Baselines

Figures 1 to 4 show the author gender and race breakdown of 926 books received by Locus in April, July, and October 2013. The gender breakdowns for each month were broadly similar, so it is assumed that these three months are representative of the year as a whole.

However, these data have some limitations as a proxy for the gender balance of the SF field as a whole or the pool of books from which reviews editors select. First, the Locus listings include reprints, paperback editions and late-seen books in addition to new first edition 2013 books. Second, UK and US editions are counted separately, and may therefore be double-counted. Third, Locus does not see all English-language SF books that are published; in particular, mainstream-published SF books, or English-language SF from outside the US and UK, may not be included in this dataset.

Some of the publications we have included in the main count are US- or UK-specific; others cover books published in both countries. We have therefore provided country gender breakdowns as well as the overall count.

The overall count for gender includes 926 books, of which 495 were counted as by men, 401 were as by women, 19 were attributed to mixed-gender partnerships, and 11 could not be attributed.

The US count for gender includes 678 books, of which 333 were counted as by men, 319 were as by women, 15 were attributed to mixed-gender partnerships, and 11 could not be attributed.

The UK count for gender includes 248 books, of which 162 were counted as by men, 82 were as by women, and 4 were attributed to mixed-gender partnerships.

The overall count for race includes 926 books, of which 24 were counted as by people of color, 886 were counted as by white people, and 16 could not be assigned. Of the books by people of color, 8 were recorded from the UK data and 16 from the US data; due to the respective country totals, this is actually a marginally higher percentage of UK books (3.2%) than US books (2.4%). Unlike in the case of gender, since racial demographics vary from country to country, and the pool of books published within a country draws on authors of many nationalities, it is unclear what the baseline "should" be; however, it should certainly be higher than this.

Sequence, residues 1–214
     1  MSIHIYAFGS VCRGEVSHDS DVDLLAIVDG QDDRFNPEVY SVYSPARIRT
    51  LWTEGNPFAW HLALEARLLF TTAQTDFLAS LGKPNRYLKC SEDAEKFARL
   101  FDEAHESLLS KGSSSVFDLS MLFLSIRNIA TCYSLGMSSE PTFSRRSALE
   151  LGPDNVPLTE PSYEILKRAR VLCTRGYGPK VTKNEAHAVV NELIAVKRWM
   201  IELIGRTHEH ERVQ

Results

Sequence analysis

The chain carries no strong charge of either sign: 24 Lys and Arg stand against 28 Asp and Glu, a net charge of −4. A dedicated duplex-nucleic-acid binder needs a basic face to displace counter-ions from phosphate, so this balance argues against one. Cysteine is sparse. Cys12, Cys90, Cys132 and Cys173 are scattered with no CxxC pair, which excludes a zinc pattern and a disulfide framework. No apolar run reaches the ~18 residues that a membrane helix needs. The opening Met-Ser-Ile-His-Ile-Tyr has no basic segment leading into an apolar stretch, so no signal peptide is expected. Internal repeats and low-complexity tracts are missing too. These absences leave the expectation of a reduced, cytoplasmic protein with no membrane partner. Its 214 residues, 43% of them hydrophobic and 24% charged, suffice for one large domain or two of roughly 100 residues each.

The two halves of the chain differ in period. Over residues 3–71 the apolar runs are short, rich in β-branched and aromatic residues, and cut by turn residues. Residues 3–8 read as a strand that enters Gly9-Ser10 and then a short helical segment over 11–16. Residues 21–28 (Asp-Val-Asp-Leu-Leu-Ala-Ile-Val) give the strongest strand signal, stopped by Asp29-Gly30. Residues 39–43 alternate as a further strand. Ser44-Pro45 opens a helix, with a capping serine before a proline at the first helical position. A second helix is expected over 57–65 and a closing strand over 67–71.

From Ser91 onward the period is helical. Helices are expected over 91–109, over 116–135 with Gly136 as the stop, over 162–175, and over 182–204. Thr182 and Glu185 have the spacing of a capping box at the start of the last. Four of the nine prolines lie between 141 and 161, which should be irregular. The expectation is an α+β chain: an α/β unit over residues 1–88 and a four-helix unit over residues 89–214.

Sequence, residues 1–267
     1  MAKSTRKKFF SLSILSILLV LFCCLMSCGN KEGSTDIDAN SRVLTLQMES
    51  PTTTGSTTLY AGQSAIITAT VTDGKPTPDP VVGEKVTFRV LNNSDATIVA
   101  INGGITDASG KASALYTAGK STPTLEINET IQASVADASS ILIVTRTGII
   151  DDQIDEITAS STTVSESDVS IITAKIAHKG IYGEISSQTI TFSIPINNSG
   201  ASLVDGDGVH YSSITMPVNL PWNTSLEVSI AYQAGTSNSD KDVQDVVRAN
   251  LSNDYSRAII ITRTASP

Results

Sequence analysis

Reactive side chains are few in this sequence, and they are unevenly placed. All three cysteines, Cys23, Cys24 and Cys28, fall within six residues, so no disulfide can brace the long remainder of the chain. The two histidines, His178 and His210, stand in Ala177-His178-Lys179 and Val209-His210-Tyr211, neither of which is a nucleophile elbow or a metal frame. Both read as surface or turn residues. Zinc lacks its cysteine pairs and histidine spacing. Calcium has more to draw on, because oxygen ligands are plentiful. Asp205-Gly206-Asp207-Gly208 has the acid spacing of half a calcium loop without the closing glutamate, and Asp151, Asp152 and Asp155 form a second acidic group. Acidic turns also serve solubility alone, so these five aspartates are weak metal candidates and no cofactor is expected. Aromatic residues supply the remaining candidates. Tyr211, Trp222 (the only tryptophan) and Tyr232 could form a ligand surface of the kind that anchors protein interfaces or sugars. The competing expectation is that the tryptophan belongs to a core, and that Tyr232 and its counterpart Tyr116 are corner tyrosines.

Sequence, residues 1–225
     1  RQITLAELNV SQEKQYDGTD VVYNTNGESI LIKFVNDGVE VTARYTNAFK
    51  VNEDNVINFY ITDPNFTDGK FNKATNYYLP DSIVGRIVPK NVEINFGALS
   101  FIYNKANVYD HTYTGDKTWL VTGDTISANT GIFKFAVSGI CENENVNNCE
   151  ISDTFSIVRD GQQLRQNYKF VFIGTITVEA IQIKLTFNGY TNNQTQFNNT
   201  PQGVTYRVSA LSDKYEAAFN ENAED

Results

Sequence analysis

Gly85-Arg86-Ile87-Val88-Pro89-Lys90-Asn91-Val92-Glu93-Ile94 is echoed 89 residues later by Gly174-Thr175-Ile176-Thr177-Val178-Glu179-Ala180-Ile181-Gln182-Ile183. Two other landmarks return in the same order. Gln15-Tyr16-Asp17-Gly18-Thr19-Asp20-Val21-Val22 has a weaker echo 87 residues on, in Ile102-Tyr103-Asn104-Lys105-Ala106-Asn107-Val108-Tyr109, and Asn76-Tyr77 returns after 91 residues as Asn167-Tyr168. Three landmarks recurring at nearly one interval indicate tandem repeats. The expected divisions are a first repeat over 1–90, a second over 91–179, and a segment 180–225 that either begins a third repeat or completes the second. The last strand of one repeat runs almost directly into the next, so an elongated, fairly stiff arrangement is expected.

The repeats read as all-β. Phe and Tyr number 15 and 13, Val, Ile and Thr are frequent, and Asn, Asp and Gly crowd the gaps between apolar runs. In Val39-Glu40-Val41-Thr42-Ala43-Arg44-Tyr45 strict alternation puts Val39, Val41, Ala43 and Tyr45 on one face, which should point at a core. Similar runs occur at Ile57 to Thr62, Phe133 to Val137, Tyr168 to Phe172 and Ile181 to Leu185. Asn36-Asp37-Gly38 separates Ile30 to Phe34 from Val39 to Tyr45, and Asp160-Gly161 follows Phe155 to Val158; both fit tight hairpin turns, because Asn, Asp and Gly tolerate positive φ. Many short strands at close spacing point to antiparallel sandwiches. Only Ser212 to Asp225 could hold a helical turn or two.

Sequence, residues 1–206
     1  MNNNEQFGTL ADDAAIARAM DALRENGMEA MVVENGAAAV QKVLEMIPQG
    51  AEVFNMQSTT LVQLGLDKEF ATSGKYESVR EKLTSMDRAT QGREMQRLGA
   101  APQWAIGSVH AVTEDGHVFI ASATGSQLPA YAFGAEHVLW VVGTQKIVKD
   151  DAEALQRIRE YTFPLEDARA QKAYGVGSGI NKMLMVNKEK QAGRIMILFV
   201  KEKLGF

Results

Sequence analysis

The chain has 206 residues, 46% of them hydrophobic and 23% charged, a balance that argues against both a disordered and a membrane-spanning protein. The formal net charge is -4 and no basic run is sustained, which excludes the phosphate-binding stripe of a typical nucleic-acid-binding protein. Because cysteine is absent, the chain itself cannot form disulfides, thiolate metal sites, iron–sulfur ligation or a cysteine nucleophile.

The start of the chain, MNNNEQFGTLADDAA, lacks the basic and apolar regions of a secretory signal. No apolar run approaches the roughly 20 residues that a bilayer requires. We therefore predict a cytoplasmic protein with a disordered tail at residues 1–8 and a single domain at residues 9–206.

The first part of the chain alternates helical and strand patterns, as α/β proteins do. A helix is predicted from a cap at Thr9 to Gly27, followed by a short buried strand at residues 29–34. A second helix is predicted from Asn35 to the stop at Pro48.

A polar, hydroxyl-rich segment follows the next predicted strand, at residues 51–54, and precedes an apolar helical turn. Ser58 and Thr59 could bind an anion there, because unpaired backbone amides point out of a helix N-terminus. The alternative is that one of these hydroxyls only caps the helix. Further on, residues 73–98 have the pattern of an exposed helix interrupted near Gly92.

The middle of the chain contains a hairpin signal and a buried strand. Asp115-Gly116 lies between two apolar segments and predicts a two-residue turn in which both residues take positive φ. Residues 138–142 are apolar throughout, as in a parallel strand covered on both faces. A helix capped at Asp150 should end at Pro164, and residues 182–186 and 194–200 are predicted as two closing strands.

The 2013 SF Count

Table 1 lists the total number of reviews and total number of reviewers for each venue. In total, 1860 reviews were included in the count. The venue publishing the most reviews was Locus (334 reviews); the venue publishing the fewest was The Cascadia Subduction Zone (28 reviews).

Table 1. Total number of reviews and reviewers for each venue, 2013.

VenueReviews in 2013Reviewers in 2013
Analog 51 1
Asimov's 43 3
Cascadia Subduction Zone 28 21
Extrapolation 31 21
F&SF 71 5
Foundation 40 25
Interzone 81 22
io9 74 8
Los Angeles Review of Books 51 41
Locus 334 17
The New York Review of Science Fiction 34 19
Romantic Times 117 17
SF Site 224 24
Science Fiction Studies 48 34
SFX 205 36
Strange Horizons 150 47
Tor.com 232 30
Vector 133 54

Figures 5 and 6 show the coverage of books by gender, and the proportion of reviews counted as written by women, respectively.

Figures 7 and 8 show the coverage of books by race, and the proportion of reviews counted as written by people of color, respectively. A large disparity in coverage is evident. Unlike in the case of gender, percentage coverage of books authored or edited by people of color is slightly higher than the estimated baseline; bearing in mind the caveats about this baseline in methodology, above, it is likely that both baseline and coverage "should" be higher than their current values.